Waterfront phone shop robbed in broad daylight

| 20/05/2023 | 33 Comments
Digicel on the waterfront in George Town (from social media)

(CNS): Digicel’s waterfront store in George Town was robbed by two masked men late Friday afternoon as staff were shutting up shop. This was the seventh robbery so far this month. Both men were said to be brandishing firearms as they entered the store on North Church Street at around 5:30pm and demanded cash from the register and safe.

According to an RCIPS release, the robbers then fled with an undisclosed quantity of cash through the back door. No shots were fired and no one was physically injured.

Police officers who responded to the 911 call soon located and recovered a vehicle in George Town that they suspect had been used by the robbers. It is currently being processed for forensic evidence. However, so far, no one has been arrested in connection with the armed stick-up, the latest in another spike of robberies in and around the capital.

Anyone with any information or who may have witnessed anything suspicious in the area around the time of the incident is asked to contact George Town CID on 949-4222. Anonymous tips can be provided to the RCIPS Tip Line at 949-7777, or the website. Tips can also be submitted anonymously to caymancrimestoppers.com.

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Category: Crime, Police

Comments (33)

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  1. Anonymous says:

    Hello everyone! I hope you will be protected against the evils days.

    If I were the police chief, I would announce the next gun amnesty.

    Now if you are one of them that knows how drug’s get into the Cayman Islands then you should know how easily one or two guns can slip through. It probably has happened over a dozen times over the years.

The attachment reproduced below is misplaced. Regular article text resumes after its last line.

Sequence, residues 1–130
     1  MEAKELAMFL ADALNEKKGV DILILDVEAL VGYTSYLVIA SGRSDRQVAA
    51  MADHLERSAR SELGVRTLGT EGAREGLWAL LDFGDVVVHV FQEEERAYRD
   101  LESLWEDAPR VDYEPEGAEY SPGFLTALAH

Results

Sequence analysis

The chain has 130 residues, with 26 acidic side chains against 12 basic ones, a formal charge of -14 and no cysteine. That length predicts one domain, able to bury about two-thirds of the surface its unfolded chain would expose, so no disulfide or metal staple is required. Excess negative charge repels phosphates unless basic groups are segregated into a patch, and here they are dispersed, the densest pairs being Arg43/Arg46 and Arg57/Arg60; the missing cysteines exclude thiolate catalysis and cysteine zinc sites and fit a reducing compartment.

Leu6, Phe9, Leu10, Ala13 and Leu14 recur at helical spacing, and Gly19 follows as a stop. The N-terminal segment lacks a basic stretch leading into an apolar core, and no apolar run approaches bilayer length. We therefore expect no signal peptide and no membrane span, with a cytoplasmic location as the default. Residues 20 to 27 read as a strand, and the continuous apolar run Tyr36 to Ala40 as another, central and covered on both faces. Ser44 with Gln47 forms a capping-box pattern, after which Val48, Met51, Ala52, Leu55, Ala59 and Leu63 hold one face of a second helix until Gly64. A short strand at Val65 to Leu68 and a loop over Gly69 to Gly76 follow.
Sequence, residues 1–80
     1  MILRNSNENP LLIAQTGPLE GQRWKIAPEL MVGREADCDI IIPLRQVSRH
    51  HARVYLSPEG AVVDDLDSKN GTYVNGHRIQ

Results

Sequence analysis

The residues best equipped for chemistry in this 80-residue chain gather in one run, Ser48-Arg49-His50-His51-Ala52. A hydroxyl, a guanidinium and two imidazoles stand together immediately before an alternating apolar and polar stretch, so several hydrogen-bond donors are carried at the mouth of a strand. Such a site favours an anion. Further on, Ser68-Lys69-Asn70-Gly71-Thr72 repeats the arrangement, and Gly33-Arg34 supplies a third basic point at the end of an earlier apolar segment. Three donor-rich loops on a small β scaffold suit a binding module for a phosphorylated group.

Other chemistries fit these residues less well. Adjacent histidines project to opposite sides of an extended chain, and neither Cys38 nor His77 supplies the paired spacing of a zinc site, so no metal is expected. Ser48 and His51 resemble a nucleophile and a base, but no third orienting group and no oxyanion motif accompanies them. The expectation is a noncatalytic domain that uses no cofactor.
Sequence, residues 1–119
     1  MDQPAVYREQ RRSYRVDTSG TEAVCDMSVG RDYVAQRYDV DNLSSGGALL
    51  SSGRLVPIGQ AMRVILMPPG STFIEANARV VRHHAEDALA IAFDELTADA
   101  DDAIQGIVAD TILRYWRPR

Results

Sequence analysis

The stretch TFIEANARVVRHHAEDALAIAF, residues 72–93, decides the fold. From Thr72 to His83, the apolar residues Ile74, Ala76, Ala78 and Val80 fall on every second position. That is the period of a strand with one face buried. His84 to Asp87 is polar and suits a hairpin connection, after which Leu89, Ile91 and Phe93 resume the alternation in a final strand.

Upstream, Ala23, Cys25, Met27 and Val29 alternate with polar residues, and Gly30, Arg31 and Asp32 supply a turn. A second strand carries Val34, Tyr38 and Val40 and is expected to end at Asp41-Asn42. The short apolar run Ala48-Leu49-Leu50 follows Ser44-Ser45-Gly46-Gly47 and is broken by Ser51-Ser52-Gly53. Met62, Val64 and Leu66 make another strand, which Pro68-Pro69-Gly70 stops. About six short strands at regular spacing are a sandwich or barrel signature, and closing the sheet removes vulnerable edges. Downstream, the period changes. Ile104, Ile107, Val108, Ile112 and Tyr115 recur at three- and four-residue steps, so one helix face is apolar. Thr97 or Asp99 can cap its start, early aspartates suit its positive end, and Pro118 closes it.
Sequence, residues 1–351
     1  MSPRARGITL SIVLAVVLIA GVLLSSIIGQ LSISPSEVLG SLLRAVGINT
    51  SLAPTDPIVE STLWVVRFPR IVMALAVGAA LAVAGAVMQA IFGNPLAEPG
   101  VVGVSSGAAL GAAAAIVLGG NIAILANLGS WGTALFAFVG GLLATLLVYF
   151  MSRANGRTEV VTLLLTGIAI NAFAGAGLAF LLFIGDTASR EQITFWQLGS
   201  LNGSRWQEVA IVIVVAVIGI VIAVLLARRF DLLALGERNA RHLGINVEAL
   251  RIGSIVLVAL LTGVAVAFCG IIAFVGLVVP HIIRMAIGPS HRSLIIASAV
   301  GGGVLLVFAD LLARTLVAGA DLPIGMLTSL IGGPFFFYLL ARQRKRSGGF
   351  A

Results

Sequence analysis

The only people that should be equiped with a firearm are sworn officers, and certified private security guards.

    Now back to the topic on ‘gun amnesty’. You guys need to talk about gun amnesty. The crooks that stole Digicels money using deadly force have alerted my threat watch.

    Unlike the average local, the
    hooligans are armed and dangerous.
    A long enough pocket knife could also make a person armed and potentially dangerous. However, this could be refuted in the court of law.

    A new gun amnesty act could give some people a chance to start over.
    People can change. Love from family can do that to a person. Forgiveness. A new name. It can be theirs.

    • Anonymous says:

      I love what you’re saying but unfortunately criminals are criminals and family creates criminals if they don’t actually give the love that children are needed. And I see too many kids running wild without any parents disciplining them.

    • Anonymous says:

      Dozens of times? Probably hundreds of times. I may forgive, but I don’t forget. And forgiveness comes with taking responsibility and serving your jail sentence if assigned. In the end the highest concern is for the protection of the law-abiding public – remove the offender who cares not for being a positive member of society.

    • Anonymous says:

      Very some comment. Just dismantle and throw it in the sea. Duh

  2. Elvis says:

    Tonight i see they put a security guard outside lol. Like they coming back right? Reactive regime

  3. Anonymous says:

    Hi vis vest in a robbery? Makes a change from the usual black hoodie.

  4. Anonymous says:

    “no one was physically injured” We need to change the narrative. Is a physical injury more important than the sheer terror the staff must have gone through? Not trying to be critical of the writer, just pointing out that physical injuries are only one of the injuries people suffer during a crime.

    CNS: This is a simple crime report, not an opinion piece. We insert the word “physically” as an acknowledgement that it’s not the only form of injury but we have no knowledge about any others. We could seek out the victims every time there is a robbery and ask them about any mental injury they may have suffered but that would be a) intrusive b) not helpful to the police investigation c) an enormous use of our time trying to find people who probably don’t want to be found and are now off-duty, and d) all we would discover is the bleeding obvious (they were scared and/or traumatised). Sometimes readers just have to use their emotional intelligence.